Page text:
You will rarely see physical altercations among visitors in Metro Parks. When they do happen, it almost always stems from previous history, or issues outside of the park, but end up in the park. Case in point, Rangers at Sharon Woods Metro Park dealt with an interesting situation a couple weekends ago.
While on patrol, a ranger noticed a vehicle in the grass between the shelter and the parking lot, a clear violation of Metro Park Rules and Regulations. When the ranger stepped out of the patrol truck to address the violation, she was immediately surrounded by people yelling and screaming at her and each other. All of these people were claiming to have been assaulted. Rangers called for assistance from our friends at Sharon Township Police Department and began sorting out what had happened.
Two repo agents located a vehicle at Sharon Woods, one they had been hired to repossess. They began to repossess the car, getting it up on a tow truck lift before the owner took notice. The owner was attending a family reunion at the park with approximately 150 friends and family members. As you can imagine, or if you watch any reality tv shows surrounding repossession, you know that emotions tend to run a little high during such events. The owner and his family took exception to the car being repossessed and surrounded the repo agents to voice their displeasure. While the argument ensued, the owner actually cut the tow truck straps and removed his vehicle from the tow truck. Once off the tow truck, the only way for the driver to escape was to drive through the grass.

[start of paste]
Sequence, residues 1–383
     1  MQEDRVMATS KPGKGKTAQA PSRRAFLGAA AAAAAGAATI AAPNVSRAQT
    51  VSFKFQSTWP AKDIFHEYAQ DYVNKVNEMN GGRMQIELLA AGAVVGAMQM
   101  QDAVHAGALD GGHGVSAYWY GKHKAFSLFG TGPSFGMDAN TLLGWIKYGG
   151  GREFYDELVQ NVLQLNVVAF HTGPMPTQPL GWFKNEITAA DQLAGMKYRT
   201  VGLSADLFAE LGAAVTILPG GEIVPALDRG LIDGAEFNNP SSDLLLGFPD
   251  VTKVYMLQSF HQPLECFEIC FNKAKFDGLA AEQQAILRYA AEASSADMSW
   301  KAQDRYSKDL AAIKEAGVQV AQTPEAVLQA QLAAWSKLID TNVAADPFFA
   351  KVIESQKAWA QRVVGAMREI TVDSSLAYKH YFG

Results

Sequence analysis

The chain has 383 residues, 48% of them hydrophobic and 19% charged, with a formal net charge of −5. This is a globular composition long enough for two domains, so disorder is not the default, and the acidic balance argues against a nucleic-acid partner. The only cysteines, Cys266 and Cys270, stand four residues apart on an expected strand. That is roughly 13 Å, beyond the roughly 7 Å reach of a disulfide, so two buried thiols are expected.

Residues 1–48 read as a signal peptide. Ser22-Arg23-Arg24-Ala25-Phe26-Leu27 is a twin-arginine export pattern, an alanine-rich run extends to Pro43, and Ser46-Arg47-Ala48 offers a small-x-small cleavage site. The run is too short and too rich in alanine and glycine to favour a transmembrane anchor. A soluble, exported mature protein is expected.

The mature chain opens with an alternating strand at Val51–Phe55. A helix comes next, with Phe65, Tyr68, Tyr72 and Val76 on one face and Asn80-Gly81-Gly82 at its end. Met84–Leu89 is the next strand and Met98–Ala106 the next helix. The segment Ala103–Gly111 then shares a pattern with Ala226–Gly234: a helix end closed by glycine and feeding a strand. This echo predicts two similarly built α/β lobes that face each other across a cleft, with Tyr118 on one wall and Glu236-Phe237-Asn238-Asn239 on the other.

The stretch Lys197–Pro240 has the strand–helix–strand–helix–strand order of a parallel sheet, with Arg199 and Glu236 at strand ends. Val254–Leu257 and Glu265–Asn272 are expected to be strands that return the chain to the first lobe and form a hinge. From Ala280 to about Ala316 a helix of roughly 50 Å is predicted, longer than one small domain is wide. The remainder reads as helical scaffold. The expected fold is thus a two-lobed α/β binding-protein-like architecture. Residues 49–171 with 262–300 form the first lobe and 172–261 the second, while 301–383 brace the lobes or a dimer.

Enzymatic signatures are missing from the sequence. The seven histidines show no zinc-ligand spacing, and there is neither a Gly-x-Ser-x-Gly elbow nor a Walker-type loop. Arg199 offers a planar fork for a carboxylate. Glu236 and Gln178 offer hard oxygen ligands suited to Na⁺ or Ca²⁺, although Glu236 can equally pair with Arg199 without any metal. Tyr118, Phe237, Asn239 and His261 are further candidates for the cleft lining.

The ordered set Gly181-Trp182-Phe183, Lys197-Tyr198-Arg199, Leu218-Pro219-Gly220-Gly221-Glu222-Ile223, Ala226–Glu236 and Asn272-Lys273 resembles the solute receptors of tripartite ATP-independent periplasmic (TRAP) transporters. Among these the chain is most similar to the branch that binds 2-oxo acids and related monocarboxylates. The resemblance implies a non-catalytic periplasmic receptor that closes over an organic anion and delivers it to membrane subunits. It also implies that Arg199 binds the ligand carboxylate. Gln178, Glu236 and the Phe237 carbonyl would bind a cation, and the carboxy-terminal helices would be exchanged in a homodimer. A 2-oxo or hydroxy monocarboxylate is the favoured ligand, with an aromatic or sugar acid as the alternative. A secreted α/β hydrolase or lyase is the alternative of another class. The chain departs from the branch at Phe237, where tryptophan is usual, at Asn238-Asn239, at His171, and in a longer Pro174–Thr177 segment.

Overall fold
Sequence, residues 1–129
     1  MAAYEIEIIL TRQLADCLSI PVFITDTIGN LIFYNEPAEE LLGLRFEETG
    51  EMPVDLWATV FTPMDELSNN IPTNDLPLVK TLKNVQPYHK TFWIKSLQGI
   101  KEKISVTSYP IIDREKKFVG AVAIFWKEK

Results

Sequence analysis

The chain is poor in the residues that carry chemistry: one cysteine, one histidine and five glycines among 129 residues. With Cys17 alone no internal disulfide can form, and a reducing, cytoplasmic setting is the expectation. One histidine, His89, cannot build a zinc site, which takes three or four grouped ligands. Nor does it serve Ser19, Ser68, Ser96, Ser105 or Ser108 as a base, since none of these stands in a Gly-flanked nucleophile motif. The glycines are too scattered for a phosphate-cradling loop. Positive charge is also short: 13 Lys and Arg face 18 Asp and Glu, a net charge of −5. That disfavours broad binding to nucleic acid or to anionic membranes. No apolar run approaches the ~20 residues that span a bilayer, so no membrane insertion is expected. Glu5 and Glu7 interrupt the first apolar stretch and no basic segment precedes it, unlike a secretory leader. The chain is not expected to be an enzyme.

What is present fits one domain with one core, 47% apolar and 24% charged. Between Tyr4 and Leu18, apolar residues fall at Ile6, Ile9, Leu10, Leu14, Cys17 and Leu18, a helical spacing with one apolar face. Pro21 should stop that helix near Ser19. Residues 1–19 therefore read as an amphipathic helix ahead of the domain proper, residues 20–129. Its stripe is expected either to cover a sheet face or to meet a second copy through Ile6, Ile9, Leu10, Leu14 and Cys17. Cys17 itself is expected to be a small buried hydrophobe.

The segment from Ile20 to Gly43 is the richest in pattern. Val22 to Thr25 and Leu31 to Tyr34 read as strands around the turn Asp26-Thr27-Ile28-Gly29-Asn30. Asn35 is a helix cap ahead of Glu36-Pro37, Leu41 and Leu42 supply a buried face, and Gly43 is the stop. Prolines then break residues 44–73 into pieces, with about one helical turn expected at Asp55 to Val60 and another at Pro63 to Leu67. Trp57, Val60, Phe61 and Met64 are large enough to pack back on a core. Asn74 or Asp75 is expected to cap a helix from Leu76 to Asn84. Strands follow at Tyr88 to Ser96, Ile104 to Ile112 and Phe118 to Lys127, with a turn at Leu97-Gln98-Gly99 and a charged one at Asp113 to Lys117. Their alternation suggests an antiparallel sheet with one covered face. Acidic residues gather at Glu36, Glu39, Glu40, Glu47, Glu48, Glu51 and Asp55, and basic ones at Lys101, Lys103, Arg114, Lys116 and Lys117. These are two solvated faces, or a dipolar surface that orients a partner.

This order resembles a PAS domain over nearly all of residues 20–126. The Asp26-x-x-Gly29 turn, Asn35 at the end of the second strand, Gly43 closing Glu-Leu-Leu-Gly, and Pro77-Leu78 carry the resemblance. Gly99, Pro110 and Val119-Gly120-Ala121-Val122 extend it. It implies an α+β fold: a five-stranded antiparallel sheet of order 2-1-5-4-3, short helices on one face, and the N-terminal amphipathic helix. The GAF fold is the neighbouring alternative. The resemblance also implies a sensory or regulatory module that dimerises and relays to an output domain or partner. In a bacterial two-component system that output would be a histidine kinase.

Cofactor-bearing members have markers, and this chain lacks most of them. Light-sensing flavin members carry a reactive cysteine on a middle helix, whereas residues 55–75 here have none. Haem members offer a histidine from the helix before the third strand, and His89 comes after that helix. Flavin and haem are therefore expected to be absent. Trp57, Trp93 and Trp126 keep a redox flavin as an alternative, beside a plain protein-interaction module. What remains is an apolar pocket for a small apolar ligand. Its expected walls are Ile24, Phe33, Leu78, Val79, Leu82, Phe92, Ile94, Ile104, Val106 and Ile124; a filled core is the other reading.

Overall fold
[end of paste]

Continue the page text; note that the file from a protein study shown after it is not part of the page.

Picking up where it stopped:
Now, the repo agents claim the family members assaulted them and that the family took the first swing. The family members say the repo agents were the ones that wanted to fight, that the family members were the ones assaulted, and that the repo agents took the first swing. No third party witnesses could be located to corroborate either group’s statements. Therefore, rangers and Sharon Township constables took reports and referred everyone to the prosecutor’s office if they wished to move forward with pressing charges. Rangers and constables also asked the family group to leave for the day due to the disorderly conduct.
And what happened to the owner of the vehicle? When the dust settled, the car was nowhere to be found, having slipped out of the park during the initial chaotic moments. Perhaps the best time to repossess a car is not in sight of the owner attending a family reunion.